Vietnamese Regulator Tells Firms and Funds to Stay Away From Crypto
Originally published on: Bitcoin News
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July 26, 2018
Vietnam’s securities watchdog has required local businesses not to engage in transactions with cryptocurrencies. The announcement follows a directive issued by the country’s prime minister earlier this year aimed at tightening what Vietnamese regulators call the management of crypto activities.
Also read: China Releases Ranking of 31 Crypto Projects
Securities Watchdog Asks Companies to Obey AML Rules
The State Securities Commission of Vietnam (SSC) has required relevant companies and funds not to engage in any issuance, transaction or brokerage activities related to cryptocurrencies. The measure, referred to by local media as a ban, affects public companies, securities companies, fund management firms and securities investment funds. They have also been asked to obey anti-money laundering (AML) regulations.
According to the SSC, the announcement is based on Directive No 10/CT-TTg signed on April 11 by Vietnam’s Prime Minister, Nguyen Xuan Phuc, Viet Nam News reported. The document puts an emphasis on strengthening the management of activities related to bitcoin and other cryptocurrencies. The outlet also notes that the use of digital currencies is prohibited in Vietnam.
Not the First Anti-Crypto Measure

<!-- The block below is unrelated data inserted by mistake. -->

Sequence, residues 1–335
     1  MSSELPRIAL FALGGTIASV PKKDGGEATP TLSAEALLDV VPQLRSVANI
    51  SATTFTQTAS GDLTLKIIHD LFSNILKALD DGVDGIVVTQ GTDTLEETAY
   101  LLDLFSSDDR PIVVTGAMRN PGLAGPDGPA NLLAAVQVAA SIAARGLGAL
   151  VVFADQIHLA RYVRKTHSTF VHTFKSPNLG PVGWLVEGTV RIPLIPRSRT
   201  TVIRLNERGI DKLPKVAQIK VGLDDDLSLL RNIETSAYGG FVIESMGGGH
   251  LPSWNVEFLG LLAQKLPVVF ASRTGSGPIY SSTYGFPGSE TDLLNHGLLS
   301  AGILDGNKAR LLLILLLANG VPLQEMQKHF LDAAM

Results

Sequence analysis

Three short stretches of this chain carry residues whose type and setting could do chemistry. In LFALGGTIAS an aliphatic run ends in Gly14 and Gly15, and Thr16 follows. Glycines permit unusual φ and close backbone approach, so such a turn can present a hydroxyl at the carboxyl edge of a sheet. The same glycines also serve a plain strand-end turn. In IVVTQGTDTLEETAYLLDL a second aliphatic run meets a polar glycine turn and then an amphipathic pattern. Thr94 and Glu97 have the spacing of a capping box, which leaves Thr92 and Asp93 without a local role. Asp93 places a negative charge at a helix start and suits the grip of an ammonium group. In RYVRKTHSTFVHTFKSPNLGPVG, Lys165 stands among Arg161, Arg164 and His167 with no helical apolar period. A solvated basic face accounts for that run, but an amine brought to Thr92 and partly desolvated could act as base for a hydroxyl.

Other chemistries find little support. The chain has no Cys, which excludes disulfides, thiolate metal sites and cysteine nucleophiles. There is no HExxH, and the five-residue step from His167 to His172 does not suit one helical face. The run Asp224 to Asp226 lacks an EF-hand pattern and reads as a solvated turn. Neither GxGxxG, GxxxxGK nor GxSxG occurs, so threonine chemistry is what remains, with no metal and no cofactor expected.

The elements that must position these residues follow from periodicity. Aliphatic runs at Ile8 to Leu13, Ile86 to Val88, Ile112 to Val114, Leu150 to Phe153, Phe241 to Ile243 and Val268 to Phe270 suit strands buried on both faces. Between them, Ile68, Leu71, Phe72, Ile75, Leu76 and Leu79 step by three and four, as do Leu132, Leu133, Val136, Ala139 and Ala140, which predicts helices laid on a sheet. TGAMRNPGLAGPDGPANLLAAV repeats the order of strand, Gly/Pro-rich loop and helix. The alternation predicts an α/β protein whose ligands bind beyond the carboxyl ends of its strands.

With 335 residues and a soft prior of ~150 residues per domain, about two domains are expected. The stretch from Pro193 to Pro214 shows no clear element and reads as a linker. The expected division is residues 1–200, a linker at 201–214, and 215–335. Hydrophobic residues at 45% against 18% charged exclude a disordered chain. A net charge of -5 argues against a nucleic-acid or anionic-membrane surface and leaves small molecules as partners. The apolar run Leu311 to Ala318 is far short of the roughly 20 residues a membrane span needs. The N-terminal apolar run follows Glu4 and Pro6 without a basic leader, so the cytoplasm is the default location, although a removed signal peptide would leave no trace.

This is not the first administrative measure aimed at curbing crypto activities in the country. In April, the State Bank of Vietnam (SBV) banned commercial banks, payment services providers and intermediaries from making transactions involving cryptocurrencies. The central bank also issued a warning stating that such activities may increase the risks of money laundering, terrorism financing, trade fraud and tax evasion.
Last October, the SBV declared that cryptos do not represent a “lawful means of payment” in the Asian country. Its proposals in that respect, which were submitted to the government in Hanoi, included a ban on the issuance, distribution, and use of cryptocurrencies as well as criminal prosecution and fines for their users.
Recently, citing the familiar argument – the need to improve the management of cryptocurrencies in Vietnam – the Ministry of Finance, the Ministry of Industry and Trade, and the SBV reached an agreement to suspend the import of crypto mining equipment. The proposal came from the Finance Ministry in June, as news.Bitcoin.com reported.
Fraud and Scam in Vietnam
In the past couple of years, the Vietnamese mining sector has been growing rapidly leading to a significant increase in the number of imported mining rigs. Digital coin minting, however, has caused concern in Hanoi. In May, close to 150 Vietnamese government agencies, financial institutions and businesses took part in a large cyber-security drill aimed at preventing the spread of mining malware.
Crypto-related fraud has played a role in shaping the current attitude of Vietnamese authorities and regulators towards the crypto space. The country recently had to deal with one of the largest scams in crypto history in which more than 30,000 people were defrauded into investing in the Ifan and Pincoin currencies.
What are your expectations for the future of cryptocurrencies in Vietnam? Share your thoughts in the comments section below.
Images courtesy of Shutterstock and the SSC.
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